As sympathetic as I am to Rowling and her rights as an author, the answer is no. There is a necessary and healthy line between what the initial author owns and what follow-on, or “secondary,” authors get to do, and Rowling is running over that line like the Hogwarts Express. The creators of H.P. Lexicon may not be as creative as Rowling, but they are authors, too, and deserve a little respect from the law.

[…] Rowling is overstepping her bounds. She has confused the adaptations of a work, which she does own, with discussion of her work, which she doesn’t. Rowling owns both the original works themselves and any effort to adapt her book or characters to other media—films, computer games, and so on. Textually, the law gives her sway over any form in which her work may be “recast, transformed, or adapted.” But she does not own discussion of her work—book reviews, literary criticism, or the fan guides that she’s suing. The law has never allowed authors to exercise that much control over public discussion of their creations.

Unlike a Potter film or computer game, the authors of the Lexicon encyclopedia are not simply moving Potter to another medium. Their purpose, rather, is providing a reference guide with description and discussion, rather like a very long and detailed book review. […]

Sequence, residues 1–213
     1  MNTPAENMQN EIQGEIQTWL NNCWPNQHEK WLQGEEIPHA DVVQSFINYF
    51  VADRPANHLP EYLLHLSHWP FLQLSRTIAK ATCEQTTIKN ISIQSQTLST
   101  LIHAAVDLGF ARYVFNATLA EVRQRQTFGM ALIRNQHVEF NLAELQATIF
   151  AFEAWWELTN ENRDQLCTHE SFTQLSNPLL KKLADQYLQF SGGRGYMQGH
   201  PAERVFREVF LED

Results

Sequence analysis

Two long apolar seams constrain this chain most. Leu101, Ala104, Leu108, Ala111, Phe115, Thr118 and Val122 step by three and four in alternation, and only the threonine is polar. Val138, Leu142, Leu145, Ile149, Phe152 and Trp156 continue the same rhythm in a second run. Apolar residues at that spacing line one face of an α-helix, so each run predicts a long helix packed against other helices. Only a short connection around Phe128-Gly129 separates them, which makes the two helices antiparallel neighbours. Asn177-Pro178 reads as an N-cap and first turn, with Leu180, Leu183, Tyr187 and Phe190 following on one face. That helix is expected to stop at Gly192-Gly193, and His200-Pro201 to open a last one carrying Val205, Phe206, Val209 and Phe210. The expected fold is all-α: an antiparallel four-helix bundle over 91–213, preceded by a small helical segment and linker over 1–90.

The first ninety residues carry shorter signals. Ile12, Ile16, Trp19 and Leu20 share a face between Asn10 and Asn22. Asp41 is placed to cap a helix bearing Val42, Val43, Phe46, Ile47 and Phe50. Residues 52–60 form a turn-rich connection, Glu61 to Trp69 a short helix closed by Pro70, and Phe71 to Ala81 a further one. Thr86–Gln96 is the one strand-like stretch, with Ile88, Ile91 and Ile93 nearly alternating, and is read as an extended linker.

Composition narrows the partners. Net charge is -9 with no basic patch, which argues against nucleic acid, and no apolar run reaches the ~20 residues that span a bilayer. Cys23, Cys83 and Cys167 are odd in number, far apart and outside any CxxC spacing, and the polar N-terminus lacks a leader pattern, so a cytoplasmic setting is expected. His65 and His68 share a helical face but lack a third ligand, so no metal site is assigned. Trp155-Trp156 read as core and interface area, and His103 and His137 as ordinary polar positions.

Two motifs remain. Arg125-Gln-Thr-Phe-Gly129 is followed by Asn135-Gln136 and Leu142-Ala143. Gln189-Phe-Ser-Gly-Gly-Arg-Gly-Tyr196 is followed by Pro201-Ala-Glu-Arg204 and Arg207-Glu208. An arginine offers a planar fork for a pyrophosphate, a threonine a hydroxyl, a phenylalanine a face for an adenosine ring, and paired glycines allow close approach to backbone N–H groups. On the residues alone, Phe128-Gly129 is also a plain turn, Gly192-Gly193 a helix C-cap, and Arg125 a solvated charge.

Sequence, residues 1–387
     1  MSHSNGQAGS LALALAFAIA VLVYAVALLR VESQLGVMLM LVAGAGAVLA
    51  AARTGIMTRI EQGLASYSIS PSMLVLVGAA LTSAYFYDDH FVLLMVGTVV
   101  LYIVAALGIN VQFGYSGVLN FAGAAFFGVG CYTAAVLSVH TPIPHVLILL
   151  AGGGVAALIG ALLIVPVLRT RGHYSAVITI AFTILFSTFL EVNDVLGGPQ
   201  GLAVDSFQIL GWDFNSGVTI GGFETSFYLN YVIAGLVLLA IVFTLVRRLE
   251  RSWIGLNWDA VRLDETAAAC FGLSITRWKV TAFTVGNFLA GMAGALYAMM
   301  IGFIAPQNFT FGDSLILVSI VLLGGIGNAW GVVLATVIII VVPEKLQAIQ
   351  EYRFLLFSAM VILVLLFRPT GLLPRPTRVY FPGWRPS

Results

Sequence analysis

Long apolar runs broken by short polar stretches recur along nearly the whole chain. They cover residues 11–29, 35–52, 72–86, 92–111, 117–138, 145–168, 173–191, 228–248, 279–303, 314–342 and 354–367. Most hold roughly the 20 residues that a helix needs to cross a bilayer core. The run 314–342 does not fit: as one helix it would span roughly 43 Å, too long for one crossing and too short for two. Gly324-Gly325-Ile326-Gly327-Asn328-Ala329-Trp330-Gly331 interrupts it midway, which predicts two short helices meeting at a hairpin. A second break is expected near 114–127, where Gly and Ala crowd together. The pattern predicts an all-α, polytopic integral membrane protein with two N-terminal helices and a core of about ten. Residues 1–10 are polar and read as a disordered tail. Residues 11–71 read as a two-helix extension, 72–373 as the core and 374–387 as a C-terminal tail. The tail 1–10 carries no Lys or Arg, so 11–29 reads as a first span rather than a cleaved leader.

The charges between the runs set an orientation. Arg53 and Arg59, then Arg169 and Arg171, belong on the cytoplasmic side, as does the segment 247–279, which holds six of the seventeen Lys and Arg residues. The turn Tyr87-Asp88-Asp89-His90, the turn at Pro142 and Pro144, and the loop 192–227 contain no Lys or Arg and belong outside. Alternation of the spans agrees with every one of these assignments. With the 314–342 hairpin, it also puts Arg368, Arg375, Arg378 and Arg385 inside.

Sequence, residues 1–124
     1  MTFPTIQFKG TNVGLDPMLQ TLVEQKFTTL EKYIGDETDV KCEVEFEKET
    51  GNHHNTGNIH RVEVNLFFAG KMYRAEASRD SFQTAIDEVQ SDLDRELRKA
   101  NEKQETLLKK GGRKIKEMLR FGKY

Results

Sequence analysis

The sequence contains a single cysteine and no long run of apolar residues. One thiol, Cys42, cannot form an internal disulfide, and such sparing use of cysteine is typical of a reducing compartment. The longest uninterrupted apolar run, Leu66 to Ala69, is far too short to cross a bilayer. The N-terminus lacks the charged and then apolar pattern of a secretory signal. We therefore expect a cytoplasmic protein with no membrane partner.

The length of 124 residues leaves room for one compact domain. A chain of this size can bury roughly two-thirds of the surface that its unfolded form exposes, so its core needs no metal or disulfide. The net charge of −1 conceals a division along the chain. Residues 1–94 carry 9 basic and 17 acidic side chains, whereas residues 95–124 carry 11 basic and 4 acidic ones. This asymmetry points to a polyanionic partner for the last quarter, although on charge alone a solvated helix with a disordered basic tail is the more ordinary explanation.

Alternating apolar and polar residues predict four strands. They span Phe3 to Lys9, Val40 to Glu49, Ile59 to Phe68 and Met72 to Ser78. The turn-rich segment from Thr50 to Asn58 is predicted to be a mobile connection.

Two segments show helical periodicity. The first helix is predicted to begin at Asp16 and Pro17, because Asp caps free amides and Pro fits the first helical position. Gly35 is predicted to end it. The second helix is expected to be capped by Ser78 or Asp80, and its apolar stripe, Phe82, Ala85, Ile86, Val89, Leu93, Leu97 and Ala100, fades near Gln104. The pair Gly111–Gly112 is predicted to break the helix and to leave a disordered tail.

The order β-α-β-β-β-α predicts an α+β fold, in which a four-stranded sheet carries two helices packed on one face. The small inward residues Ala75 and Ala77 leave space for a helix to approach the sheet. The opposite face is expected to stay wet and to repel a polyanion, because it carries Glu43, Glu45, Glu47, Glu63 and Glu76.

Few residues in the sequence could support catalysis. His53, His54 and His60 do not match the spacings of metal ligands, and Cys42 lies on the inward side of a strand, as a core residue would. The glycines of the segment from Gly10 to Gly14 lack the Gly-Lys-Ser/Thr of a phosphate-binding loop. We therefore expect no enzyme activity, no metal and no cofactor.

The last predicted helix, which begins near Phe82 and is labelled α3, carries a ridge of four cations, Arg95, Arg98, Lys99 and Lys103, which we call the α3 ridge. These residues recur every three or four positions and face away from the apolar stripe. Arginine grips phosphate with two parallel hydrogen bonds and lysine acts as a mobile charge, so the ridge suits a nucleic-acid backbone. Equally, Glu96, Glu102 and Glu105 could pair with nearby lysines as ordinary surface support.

[…] In the end, this dispute is about the current meaning of authorship. Rowling is the initial author and deserves the bulk of the credit, respect, and financial reward. But she has all of that. What she wants is a level of control over the Potter world that just isn’t healthy. The authors of fan guides, like house elves, rarely get famous or rich. They deserve legal credit for their modest contributions, not the Wizengamot.

Later: More fromTim — Harry Potter Lexicon piece & addendum.

UK Copyright Law and Ripping

Copying CDs could become legal

The government is considering legalising private copying of CDs, as it seeks to reform existing intellectual property laws.

While it is common practice for music owners to rip their CDs for use on MP3 players, most are unaware that this practice is illegal. The government wants to address this by creating an exception under copyright law, a recommendation first mooted in the Gowers report into intellectual property.

“The exception would only apply to personal or private use,” says the proposal. “The owner would not be permitted to sell, loan or give away the copy or share it more widely (for example in a file sharing system or on the internet). Multiple copying would not be allowed.”

Wired on iPhone Development

The Untold Story: How the iPhone Blew Up the Wireless Industry